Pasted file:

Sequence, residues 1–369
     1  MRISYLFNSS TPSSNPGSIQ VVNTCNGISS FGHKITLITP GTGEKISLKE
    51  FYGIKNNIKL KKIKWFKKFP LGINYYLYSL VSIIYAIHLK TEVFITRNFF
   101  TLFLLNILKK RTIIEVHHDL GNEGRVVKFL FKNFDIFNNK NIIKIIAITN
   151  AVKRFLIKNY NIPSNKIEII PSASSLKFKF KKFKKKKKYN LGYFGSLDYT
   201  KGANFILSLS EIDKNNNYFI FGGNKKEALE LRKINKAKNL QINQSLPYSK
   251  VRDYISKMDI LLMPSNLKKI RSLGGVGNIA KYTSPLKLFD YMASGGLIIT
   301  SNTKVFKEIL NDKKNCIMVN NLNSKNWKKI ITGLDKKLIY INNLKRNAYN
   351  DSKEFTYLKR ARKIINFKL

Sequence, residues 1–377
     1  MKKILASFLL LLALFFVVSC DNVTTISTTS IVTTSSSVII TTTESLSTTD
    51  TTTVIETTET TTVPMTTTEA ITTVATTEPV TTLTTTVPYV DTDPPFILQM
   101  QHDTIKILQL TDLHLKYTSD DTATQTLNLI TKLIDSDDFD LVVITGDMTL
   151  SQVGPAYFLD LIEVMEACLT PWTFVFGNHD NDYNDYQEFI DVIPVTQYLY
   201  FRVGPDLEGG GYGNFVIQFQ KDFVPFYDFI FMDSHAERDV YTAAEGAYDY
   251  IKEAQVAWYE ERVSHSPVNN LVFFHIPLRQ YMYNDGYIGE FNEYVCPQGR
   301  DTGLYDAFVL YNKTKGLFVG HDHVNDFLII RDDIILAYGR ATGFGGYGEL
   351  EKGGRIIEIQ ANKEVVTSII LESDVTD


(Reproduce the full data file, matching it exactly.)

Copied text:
Sequence, residues 1–369
     1  MRISYLFNSS TPSSNPGSIQ VVNTCNGISS FGHKITLITP GTGEKISLKE
    51  FYGIKNNIKL KKIKWFKKFP LGINYYLYSL VSIIYAIHLK TEVFITRNFF
   101  TLFLLNILKK RTIIEVHHDL GNEGRVVKFL FKNFDIFNNK NIIKIIAITN
   151  AVKRFLIKNY NIPSNKIEII PSASSLKFKF KKFKKKKKYN LGYFGSLDYT
   201  KGANFILSLS EIDKNNNYFI FGGNKKEALE LRKINKAKNL QINQSLPYSK
   251  VRDYISKMDI LLMPSNLKKI RSLGGVGNIA KYTSPLKLFD YMASGGLIIT
   301  SNTKVFKEIL NDKKNCIMVN NLNSKNWKKI ITGLDKKLIY INNLKRNAYN
   351  DSKEFTYLKR ARKIINFKL

Sequence, residues 1–377
     1  MKKILASFLL LLALFFVVSC DNVTTISTTS IVTTSSSVII TTTESLSTTD
    51  TTTVIETTET TTVPMTTTEA ITTVATTEPV TTLTTTVPYV DTDPPFILQM
   101  QHDTIKILQL TDLHLKYTSD DTATQTLNLI TKLIDSDDFD LVVITGDMTL
   151  SQVGPAYFLD LIEVMEACLT PWTFVFGNHD NDYNDYQEFI DVIPVTQYLY
   201  FRVGPDLEGG GYGNFVIQFQ KDFVPFYDFI FMDSHAERDV YTAAEGAYDY
   251  IKEAQVAWYE ERVSHSPVNN LVFFHIPLRQ YMYNDGYIGE FNEYVCPQGR
   301  DTGLYDAFVL YNKTKGLFVG HDHVNDFLII RDDIILAYGR ATGFGGYGEL
   351  EKGGRIIEIQ ANKEVVTSII LESDVTD